There is a Midrash MidrashמִדְרָשׁRabbinic interpretation of a passage from the Bible. Midrash falls into two categories: midrash halachah is concerned with religious practice and law, and midrash aggadah is concerned with interpreting biblical narratives and stories, about the etymology of the word Jerusalem, or Yerushalayim. The Rabbis look at the word Yerusha, which means inheritance, and ayim, which connotes doubling, and understand that there are two Jerusalems – a heavenly one ("Yerushalayim shel ma’alah") and an earthly one ("Yerushalayim shel ma’ata"). While the heavenly Jerusalem might refer to the possibilities of a world redeemed, an earthly one is rooted in the complexities of politics, economics and daily life. It is a place filled with energy, vibrancy and urgency.

In the late poet Yehuda Amichai’s terms, Jerusalem is a place where its inhabitants are  longing for God’s presence. Jerusalem, he writes, is  “saturated with prayers and dreams like the air over industrial cities. It’s hard to breathe.” And according to the Midrash, the earthly Jerusalem is the place where God will arrive even before reaching the heavenly Jerusalem. As the Midrash imagines God saying, "I will not come into the city of Jerusalem that is above until I first come into the city of Jerusalem that is below.”

What does it mean to make earthly Jerusalem a place in which God - whatever God means for us - can enter and reside? Let us create partnerships with Israelis that help let a sense of godliness, justice and love permeate the city. Let us devote more time to learning more about the complexity of life in Israel through travel and research. Let’s partner with Israelis working on the ground to improve society through education, social and economic equality, and religious pluralism. Let’s read more Israeli literature and honor Israeli artists.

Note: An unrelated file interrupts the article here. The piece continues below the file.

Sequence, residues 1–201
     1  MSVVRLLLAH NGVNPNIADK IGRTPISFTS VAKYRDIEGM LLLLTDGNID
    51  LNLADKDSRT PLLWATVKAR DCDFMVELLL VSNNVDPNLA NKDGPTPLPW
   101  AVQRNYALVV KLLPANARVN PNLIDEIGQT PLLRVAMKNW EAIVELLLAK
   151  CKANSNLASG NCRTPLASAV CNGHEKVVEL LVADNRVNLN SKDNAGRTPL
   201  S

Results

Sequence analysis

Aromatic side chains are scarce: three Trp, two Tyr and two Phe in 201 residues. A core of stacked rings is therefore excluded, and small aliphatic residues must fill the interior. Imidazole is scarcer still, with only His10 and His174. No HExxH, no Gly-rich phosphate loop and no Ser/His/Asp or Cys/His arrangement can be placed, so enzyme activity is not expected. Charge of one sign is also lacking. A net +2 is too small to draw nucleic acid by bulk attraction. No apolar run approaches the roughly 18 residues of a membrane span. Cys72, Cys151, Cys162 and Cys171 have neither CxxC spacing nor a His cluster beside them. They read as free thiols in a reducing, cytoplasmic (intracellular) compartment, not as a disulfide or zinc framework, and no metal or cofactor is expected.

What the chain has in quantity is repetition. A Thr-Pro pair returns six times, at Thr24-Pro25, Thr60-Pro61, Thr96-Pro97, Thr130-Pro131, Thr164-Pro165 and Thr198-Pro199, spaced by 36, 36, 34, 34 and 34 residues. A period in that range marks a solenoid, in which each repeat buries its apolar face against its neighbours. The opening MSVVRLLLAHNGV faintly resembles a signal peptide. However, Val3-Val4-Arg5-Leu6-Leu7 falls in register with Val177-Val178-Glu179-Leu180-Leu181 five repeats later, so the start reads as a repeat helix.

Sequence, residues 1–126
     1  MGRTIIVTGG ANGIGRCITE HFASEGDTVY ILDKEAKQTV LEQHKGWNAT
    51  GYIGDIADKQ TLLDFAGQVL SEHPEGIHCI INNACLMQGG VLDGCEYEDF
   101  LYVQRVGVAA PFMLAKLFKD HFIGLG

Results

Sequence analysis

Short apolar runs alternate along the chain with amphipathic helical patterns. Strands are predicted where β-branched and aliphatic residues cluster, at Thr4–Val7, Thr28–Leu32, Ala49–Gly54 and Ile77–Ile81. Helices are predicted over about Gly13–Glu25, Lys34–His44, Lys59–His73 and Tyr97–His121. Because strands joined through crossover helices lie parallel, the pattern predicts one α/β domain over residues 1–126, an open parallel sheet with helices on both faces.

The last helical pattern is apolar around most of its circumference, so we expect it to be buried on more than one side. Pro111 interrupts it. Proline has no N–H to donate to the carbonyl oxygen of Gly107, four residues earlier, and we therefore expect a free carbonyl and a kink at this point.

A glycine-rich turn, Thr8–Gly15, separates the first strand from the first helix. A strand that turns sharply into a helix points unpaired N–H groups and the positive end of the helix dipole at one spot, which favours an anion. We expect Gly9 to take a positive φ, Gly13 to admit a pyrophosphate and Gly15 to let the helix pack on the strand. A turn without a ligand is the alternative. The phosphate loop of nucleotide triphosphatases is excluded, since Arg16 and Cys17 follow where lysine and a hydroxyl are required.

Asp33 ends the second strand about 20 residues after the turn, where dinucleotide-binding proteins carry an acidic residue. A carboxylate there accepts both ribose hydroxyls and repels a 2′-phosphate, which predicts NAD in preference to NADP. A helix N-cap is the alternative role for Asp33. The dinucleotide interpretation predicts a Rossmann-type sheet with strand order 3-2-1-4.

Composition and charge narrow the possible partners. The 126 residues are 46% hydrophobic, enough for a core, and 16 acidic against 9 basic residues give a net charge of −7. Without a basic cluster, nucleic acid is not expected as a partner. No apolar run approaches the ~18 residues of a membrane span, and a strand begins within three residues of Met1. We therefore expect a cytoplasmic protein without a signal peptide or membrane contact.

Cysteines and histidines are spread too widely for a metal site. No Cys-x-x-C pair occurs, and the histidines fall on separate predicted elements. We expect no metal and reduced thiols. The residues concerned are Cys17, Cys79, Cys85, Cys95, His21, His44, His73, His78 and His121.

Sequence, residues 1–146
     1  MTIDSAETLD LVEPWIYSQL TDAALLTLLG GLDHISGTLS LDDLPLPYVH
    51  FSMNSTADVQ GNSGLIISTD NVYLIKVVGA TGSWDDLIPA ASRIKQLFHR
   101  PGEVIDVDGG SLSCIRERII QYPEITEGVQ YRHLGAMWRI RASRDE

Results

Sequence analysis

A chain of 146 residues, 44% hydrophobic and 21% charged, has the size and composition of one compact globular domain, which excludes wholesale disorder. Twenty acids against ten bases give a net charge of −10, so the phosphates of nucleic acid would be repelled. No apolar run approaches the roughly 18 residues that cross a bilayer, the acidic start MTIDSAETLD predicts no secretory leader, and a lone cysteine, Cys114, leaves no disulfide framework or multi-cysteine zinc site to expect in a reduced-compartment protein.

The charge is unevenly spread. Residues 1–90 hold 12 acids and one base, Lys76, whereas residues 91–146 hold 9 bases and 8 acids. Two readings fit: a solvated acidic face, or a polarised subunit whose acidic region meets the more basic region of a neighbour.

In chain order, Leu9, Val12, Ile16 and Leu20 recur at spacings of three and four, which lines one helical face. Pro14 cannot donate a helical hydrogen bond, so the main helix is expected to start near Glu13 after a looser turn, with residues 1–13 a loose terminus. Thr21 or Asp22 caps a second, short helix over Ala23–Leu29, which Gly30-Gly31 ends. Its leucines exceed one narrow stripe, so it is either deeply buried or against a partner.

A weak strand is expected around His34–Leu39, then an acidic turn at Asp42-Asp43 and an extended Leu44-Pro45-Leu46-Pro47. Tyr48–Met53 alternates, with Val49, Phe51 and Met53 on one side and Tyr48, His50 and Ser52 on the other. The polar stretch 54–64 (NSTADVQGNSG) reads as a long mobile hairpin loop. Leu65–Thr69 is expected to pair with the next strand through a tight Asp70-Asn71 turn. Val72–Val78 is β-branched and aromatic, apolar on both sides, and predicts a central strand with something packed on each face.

Or is Jerusalem a state of mind?

More than physical places, rabbis have noted that Egypt and Jerusalem represent two inner spiritual states. Egypt, or mitzrayim, has at its root “tsar,” or narrowness. Egypt represents the places in which we live in narrow places, where we feel constricted and confined. It is a state in which we are quick to anger, to react, to put our own ego needs before the needs of others.

Jerusalem, on the other hand, has at its root shalem, or “wholeness.” It is the feeling of expansiveness, when the disparate parts of ourselves weave together into a seamless whole.

As the seder winds down and the matzahmatzahמַצָּהUnleavened bread eaten during the seder that symbolizes the hurried departure of the Israelites from Egypt. Eating matzah is obligatory only at the seder. During the rest of Pesach, one may abstain from matzah as long as all chametz is avoided; plural: matzot  crumbs are swept off the table, let the question of “next year” continue to echo - with all its hopes, plans and the self-understandings of where Jerusalem resides for each one of us.